Everyone’s finding things to do that they never used to have time for. Like Jerry Zezima, humor columnist for the Hearst Connecticut Media Group and the Tribune News Service of Chicago, who has been spending time with his wife doing something that starts with the letter “S.” That’s right: Scrabble.
As a man of many words, not all of them repeatable in a quarantine, I will say that “quarantine” would be a great word to use if you were playing Scrabble.
That’s because it would be worth 19 points, most of them coming from the letter Q, which by itself is worth 10. And if you got a triple word score, it would be worth 57 points.
Unfortunately, I didn’t get enough of the right letters to spell “quarantine” during a game of Scrabble that my wife, Sue, and I played when it became sadly apparent that there was nothing else to do while we were quarantined.
You might think that because I’m a writer, I would be a great Scrabble player. Not so. Sue, a teacher’s assistant in a preschool, was an English major in college, where I, then a man of few words (“Another beer, bartender”), majored in stupidity.
My chances were slim (6 points) because I always lost when I played Sue’s late grandmother. (She was alive then, which gave her an unfair advantage.) I was even defeated by my daughters, Katie and Lauren, when they were adolescents.
This was embarrassing (17 points), which is why I hadn’t played Scrabble in years (8 points).
But on a rainy afternoon, after we got tired of watching HGTV (no points because acronyms and proper names aren’t allowed), Sue suggested we engage in a war of words.
“Let’s have some wine,” said Sue, who had a glass of white (11 points) while I had a glass of red (only 4 points).
We sat at the kitchen table with the board and tiles.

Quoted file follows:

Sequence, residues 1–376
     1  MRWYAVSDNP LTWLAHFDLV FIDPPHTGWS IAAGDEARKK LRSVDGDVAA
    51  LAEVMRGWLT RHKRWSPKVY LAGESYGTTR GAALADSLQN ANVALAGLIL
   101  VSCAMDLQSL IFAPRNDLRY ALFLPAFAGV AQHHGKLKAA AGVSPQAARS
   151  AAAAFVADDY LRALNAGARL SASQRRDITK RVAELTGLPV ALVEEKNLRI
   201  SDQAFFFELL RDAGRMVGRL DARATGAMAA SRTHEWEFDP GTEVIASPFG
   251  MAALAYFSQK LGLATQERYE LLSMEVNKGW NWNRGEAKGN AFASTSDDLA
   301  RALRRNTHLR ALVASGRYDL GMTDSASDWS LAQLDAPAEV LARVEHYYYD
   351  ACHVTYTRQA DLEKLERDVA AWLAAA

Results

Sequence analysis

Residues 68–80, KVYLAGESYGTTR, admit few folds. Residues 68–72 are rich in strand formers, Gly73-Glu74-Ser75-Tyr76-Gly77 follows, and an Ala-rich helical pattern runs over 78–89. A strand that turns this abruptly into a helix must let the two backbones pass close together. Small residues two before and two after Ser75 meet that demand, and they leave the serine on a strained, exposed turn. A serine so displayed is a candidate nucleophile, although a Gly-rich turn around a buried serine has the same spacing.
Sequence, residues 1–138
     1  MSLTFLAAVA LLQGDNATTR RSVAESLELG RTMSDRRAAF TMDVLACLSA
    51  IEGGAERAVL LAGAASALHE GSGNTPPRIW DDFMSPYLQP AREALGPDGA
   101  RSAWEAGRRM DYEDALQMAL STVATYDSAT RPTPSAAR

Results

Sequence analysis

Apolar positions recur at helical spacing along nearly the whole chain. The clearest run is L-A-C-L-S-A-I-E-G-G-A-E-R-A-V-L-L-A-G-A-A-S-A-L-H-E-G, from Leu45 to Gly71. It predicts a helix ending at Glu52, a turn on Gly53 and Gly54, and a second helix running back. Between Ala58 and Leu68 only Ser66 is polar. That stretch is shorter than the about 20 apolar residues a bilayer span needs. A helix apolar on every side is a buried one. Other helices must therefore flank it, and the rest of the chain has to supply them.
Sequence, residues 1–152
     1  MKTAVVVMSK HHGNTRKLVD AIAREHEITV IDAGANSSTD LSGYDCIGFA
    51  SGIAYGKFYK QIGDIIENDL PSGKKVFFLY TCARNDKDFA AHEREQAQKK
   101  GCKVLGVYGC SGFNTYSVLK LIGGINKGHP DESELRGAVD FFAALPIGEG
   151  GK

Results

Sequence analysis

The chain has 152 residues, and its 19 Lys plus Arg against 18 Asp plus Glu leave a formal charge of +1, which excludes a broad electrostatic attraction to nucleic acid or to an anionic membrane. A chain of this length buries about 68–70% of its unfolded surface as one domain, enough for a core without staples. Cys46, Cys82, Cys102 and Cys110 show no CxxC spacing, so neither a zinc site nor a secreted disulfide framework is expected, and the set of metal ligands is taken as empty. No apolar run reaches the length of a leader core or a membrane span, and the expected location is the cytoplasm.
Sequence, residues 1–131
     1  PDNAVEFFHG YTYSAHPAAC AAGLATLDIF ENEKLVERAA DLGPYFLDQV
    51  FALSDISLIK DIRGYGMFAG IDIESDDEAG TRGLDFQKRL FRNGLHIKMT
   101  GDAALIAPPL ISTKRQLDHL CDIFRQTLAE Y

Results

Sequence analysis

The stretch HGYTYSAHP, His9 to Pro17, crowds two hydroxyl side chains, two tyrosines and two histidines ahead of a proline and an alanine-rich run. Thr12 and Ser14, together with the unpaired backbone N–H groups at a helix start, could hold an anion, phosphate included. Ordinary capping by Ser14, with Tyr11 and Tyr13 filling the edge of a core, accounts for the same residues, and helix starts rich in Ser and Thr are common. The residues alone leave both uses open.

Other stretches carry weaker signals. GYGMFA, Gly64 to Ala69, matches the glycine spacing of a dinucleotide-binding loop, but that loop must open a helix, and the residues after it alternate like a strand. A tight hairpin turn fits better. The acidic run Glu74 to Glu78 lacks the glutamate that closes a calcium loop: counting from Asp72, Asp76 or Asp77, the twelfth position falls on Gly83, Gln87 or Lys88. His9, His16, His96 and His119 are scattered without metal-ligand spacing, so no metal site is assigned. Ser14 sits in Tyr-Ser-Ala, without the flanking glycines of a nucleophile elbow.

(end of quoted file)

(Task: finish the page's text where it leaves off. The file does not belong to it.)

“You go first,” I told Sue, who replied, “You’re such a gentleman.”
“That would be worth 12 points,” I remarked.
Sue took a sip of wine and said, “This is going to be a long game.”
Her first word was “hand,” which was worth 8 points.
Mine was “ham,” which also was worth 8 points.
“It describes you,” Sue commented.
Back and forth we went, up and down the board, trying for big scores with letters such as X (8 points), which Sue used to spell “fix” (13 points), and Z (10 points), which I used to spell “zonk” (17 points).
“Don’t cheat by making up words,” Sue said when I came up with something that is not, technically, English.
After Sue spelled “harp” (9 points), I added an O to make “Harpo,” one of the Marx Brothers, but Sue immediately nixed it by saying it’s a proper name.
“Imagine the score I could have had with Zeppo,” I noted.
The game dragged on, with short, safe, low-impact words such as “mutt” (6 points), “dire” (5 points) and “gun” (4 points).
“Is ‘ya’ a word?” Sue asked.
“Ya,” I responded.
It garnered Sue a grand total of 5 points.
“I’m out of vowels,” she said.
“You can buy a vowel,” I told her.
“That’s on ‘Wheel of Fortune,’ not in Scrabble,” Sue reminded me. “Besides, who would get the money?”
“Who else is here?” I said.
“Forget it,” Sue said. “Your turn.”
The game continued. So did the wine. Our battle (8 points) lasted so long that we each had a second glass.
“This is the only way the words ‘Chardonnay’ and ‘Cabernet’ are allowed in Scrabble,” I said.
“Cheers,” Sue replied.
Words such as “wet” (6 points), “trim” (6 points) and “lob” (5 points) appeared on the board before we ran out of tiles and the game was over.
Final score: Jerry 266, Sue 222.
“You wouldn’t have won if my grandmother had been playing,” Sue said.
I nodded and said, “You took the words right out of my mouth.”
Copyright 2020 by Jerry Zezima
Jerry’s latest book to make you laugh is “Nini and Poppie’s Excellent Adventures: Grandkids, Wine Clubs, and Other Ways to Keep Having Fun”